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August 18, 1900


JAMA. 1900;XXXV(7):434-435. doi:10.1001/jama.1900.02460330038005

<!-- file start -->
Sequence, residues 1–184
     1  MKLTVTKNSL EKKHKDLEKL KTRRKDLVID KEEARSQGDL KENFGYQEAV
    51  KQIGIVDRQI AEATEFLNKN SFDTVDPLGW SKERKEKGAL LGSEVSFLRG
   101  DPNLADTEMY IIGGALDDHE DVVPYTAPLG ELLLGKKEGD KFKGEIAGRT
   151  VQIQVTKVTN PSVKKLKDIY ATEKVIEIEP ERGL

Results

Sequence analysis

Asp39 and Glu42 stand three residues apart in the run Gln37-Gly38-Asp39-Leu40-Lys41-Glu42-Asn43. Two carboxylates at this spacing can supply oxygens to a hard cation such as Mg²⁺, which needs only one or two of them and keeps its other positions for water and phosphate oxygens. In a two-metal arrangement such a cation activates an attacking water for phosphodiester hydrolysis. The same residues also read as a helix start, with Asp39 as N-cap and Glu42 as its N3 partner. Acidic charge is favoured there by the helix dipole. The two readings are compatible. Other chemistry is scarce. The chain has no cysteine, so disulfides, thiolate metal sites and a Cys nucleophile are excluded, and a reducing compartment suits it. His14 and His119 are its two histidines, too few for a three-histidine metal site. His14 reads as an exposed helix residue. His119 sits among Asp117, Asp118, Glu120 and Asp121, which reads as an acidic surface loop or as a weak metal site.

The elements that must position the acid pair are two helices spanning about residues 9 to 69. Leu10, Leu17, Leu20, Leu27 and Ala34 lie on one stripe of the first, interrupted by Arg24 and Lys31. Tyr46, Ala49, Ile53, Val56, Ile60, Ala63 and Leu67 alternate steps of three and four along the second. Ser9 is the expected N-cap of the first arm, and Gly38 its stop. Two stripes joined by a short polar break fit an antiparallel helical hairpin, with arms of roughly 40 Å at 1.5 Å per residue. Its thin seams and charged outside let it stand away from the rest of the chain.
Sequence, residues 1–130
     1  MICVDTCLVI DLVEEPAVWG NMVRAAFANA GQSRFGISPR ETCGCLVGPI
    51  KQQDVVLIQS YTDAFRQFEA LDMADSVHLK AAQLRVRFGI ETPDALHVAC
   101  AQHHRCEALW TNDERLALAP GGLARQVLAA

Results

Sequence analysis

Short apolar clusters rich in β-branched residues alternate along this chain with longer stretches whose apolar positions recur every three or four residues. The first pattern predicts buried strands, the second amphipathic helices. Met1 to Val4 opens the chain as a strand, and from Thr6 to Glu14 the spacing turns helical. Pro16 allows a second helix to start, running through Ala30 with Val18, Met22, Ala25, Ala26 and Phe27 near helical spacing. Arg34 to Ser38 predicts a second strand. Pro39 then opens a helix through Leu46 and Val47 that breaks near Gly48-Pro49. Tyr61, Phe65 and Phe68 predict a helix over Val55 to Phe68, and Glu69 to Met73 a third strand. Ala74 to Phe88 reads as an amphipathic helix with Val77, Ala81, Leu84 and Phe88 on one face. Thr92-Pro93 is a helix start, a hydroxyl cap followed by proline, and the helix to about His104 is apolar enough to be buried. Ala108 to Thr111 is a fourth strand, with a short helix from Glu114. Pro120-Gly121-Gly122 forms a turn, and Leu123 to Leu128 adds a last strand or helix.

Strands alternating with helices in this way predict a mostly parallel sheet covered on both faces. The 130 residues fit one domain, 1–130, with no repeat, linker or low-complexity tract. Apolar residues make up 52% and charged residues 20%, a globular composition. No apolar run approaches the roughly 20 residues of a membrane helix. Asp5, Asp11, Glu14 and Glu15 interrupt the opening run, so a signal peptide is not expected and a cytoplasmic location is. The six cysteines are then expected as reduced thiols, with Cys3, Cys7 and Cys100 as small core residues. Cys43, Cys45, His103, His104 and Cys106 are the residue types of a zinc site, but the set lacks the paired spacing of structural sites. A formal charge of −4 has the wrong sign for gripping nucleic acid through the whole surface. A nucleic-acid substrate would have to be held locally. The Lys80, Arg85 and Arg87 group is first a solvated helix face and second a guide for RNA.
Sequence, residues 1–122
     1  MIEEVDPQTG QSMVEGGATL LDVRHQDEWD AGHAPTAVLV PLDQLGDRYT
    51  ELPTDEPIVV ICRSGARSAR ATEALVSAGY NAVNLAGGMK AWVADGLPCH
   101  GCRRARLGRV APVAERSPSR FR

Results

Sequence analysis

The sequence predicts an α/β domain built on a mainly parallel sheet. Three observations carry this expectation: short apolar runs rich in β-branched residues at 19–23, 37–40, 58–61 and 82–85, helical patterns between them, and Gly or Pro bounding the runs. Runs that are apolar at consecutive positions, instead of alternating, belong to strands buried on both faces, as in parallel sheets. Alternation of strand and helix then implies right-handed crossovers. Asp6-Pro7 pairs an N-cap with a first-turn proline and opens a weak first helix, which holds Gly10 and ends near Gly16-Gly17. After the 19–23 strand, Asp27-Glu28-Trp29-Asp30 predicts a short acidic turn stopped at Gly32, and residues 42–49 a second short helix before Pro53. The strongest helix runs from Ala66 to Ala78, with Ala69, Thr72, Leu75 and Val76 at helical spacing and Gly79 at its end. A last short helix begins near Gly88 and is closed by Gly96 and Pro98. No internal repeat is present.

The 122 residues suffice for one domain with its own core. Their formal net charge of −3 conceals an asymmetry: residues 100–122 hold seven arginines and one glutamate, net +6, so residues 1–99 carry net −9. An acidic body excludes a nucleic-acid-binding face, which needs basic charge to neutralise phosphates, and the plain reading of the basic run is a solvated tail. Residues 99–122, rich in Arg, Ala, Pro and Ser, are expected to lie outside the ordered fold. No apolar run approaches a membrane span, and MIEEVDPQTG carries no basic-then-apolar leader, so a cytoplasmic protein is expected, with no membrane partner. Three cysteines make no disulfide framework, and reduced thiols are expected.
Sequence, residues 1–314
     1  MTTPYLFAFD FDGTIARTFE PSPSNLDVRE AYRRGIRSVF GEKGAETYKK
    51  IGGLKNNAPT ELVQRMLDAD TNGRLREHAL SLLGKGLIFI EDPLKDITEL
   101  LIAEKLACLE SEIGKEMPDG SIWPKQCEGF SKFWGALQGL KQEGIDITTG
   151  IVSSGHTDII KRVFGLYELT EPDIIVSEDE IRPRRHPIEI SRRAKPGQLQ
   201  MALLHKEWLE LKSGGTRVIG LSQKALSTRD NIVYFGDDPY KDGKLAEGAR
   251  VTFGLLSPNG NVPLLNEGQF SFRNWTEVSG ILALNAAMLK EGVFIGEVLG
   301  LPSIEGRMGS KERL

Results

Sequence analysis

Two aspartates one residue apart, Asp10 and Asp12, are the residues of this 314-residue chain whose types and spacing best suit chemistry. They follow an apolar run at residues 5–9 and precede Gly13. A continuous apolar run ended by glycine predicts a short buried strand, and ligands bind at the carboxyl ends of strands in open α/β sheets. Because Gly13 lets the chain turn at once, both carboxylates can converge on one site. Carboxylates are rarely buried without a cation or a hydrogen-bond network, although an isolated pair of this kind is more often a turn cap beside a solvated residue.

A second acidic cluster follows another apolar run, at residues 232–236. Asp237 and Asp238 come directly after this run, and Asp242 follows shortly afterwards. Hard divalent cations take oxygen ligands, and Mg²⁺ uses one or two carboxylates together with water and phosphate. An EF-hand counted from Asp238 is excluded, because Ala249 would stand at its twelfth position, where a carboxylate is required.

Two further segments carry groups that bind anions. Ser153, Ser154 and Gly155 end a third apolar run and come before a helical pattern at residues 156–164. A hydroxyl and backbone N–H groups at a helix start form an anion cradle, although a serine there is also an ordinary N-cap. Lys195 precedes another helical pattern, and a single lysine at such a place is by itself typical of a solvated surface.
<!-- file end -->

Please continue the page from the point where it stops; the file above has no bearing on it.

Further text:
From the time, in the early part of the present century, when typhoid fever was first discriminated from a number of other diseases presenting in common with it typhoid symptoms, constant additions have been made to our knowledge of this, one of the best-studied of the infectious diseases. Not much, it is true, has been added to the original description of the anatomic lesions or of the clinical features, but, among other things, it has been made clear that the disease can not arise spontaneously, always requiring for its development the presence of the typhoid bacillus; that it may be unattended with pyrexia, and also with intestinal lesions; and, lastly, we have had developed the serum-reaction, by means of which the diagnosis can be confirmed with almost absolute certainty in the vast majority of cases. It is, therefore, perhaps not unreasonable to hope that we shall eventually come into possession